Read an Excerpt
From Ross Hamilton's Introduction to Tom Jones
In the plot of Tom Jones, accidents or human failings pull the lives of the individual characters into disorder and then provide the means to restore them to their proper position. Everyone in the novel is subject to randomizing forces at work in the universe, but their basic natures do not change when their fortunes change. Tom's travels through England are a domestic equivalent of the continental journey designed to give a final polish to the education of a young aristocrat, but his experience does not touch his essential qualities. Fielding sees people's lives determined by the manners or speech they adopt, which—inevitably—others will interpret (or misinterpret). Therefore, in order to succeed within this tissue of social interactions, individuals must exercise prudent control over what they say and do.
This sounds like a simple principle. However, Fielding uses prudence as both an ideal and a pejorative term. In the 1740s the word was evolving from its original meaning as the supreme rational virtue of the Christian humanist tradition (prudentia) into its near opposite—the worldly wisdom of middle-class morality or even a villainous hypocrisy. Prudence was beginning to signify self-discipline, discretion, and foresight in the service of mercenary gain rather than a means to achieve self-knowledge and virtuous conduct. By deliberately complicating the meaning of this concept through his ambiguous use of it, Fielding points to the difficulty of distinguishing the high ideal of wisdom from mere cunning and deceit.
He was not the only author of the period who was preoccupied with prudentia. A direct source of Fielding's concern was the enormous praise and popularity accorded to Pamela, the work of his great rival, Samuel Richardson. Richardson's ostentatiously chaste heroine defends herself from rape, turns the rapist into her besotted lover, and ultimately marries into a much higher social class than her own. Fielding mocked Richardson's premise that artful perfection is the secret to earthly reward. He parodied the novel first in Shamela, by showing a devious and less than virtuous heroine conniving with her lover to manipulate her aristocratic admirer. Then, in Joseph Andrews, he reversed the sexes, offering Pamela's brother as his hero. Richardson's achievements in Pamela and his masterwork, Clarissa, helped goad Fielding to develop his richly comic analysis of moral behavior in Tom Jones.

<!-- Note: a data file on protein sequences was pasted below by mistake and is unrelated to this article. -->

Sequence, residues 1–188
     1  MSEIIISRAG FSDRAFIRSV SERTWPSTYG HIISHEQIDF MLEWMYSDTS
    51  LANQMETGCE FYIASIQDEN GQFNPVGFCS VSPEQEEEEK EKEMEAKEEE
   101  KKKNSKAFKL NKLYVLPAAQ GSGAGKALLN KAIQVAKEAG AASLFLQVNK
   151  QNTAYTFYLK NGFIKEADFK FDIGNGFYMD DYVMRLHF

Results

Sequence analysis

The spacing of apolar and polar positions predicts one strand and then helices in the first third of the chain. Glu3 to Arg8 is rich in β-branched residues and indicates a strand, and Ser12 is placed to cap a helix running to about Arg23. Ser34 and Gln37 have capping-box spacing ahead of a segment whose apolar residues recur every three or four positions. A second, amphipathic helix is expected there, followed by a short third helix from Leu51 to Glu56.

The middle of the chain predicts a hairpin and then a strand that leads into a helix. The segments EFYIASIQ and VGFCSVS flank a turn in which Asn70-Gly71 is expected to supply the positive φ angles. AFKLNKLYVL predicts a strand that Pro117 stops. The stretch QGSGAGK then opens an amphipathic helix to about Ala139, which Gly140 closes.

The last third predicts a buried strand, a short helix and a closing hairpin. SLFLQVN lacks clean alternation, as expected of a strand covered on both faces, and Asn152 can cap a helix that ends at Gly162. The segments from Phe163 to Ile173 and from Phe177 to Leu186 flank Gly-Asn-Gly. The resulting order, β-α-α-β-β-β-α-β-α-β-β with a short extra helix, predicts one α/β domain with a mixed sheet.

In the novel, the imprudent Tom is matched against his half brother Blifil, who exhibits precocious prudence as a matter of policy. Blifil performs to meet the standards of virtue held by his audience. Since a pretense must work on a specific target in order to succeed, Blifil must understand the person he intends to deceive and adjust his behavior to conform to their point of view. He cannot correct failings in his performance by self-examination any more than he can recalibrate his false premises. Unable to grasp a point of view far outside his own, he completely misunderstands Tom; as a result, although he deceives even the sagacious Squire Allworthy, to Tom his motives are transparent.
Richardson shows the "inside" of his heroine's mind in a stream-of-consciousness description of her experience, but Fielding believes introspection cannot tell much about the real source of a person's motives. He prefers to show his characters in action and presents them in ironically matched pairs to accentuate their differences for the reader. The contrasts between Blifil and Tom, Squire Allworthy and Squire Western, or Sophia and her cousin Harriet convey knowledge that is perceptible only when different points of view confront each other.
In book VI, the narrator tells the reader that no one can explain the genuine meaning of love to a person incapable of experiencing it. "If good by nature," he says, in effect, "you can imagine other people's feelings so directly that you have an impulse to act on them as if they were your own; and this is the source of your greatest pleasures as well as of your only genuinely unselfish actions." In the moral world of Tom Jones, love is the capacity to conceive (and act on) what is best for the beloved person. Fielding is constantly aware of the difficulty of distinguishing this kind of love from appetites like sexual desire, the need to be envied for a romantic conquest, or the yearning to be comforted by an affectionate relationship.
Fielding calls goodness of heart the capacity to value another person's good not only as equal to one's own happiness but as the deepest source of that happiness. Although a good-hearted person has an intuitive regard for others, to act in accordance with this sensitivity requires a prior effort of will. To go beyond merely responding to the impulses of a good heart and to act appropriately involves a sophisticated level of ethical maturity. Tom possesses abundant warmth and high spirits, but Fielding demonstrates that his innate goodness of heart is not sufficient as a guide to conduct.
In theory, prudence is a quality that is available to both Blifil and Tom, but Fielding is careful to show the complexity of using this virtue well. Blifil, who is the most single-minded character in the novel, employs prudence as a tool for realizing his destructive intentions; Tom regularly sacrifices prudence to perform an action urged by his good heart. But neither prudence nor a good heart can guarantee happiness in isolation; they must be blended. The mixture of virtues and failings exhibited by all of Fielding's characters demonstrates the great difficulty of determining how to achieve the proper mix and also emphasizes the need to forgive all-too-human frailties when judging others.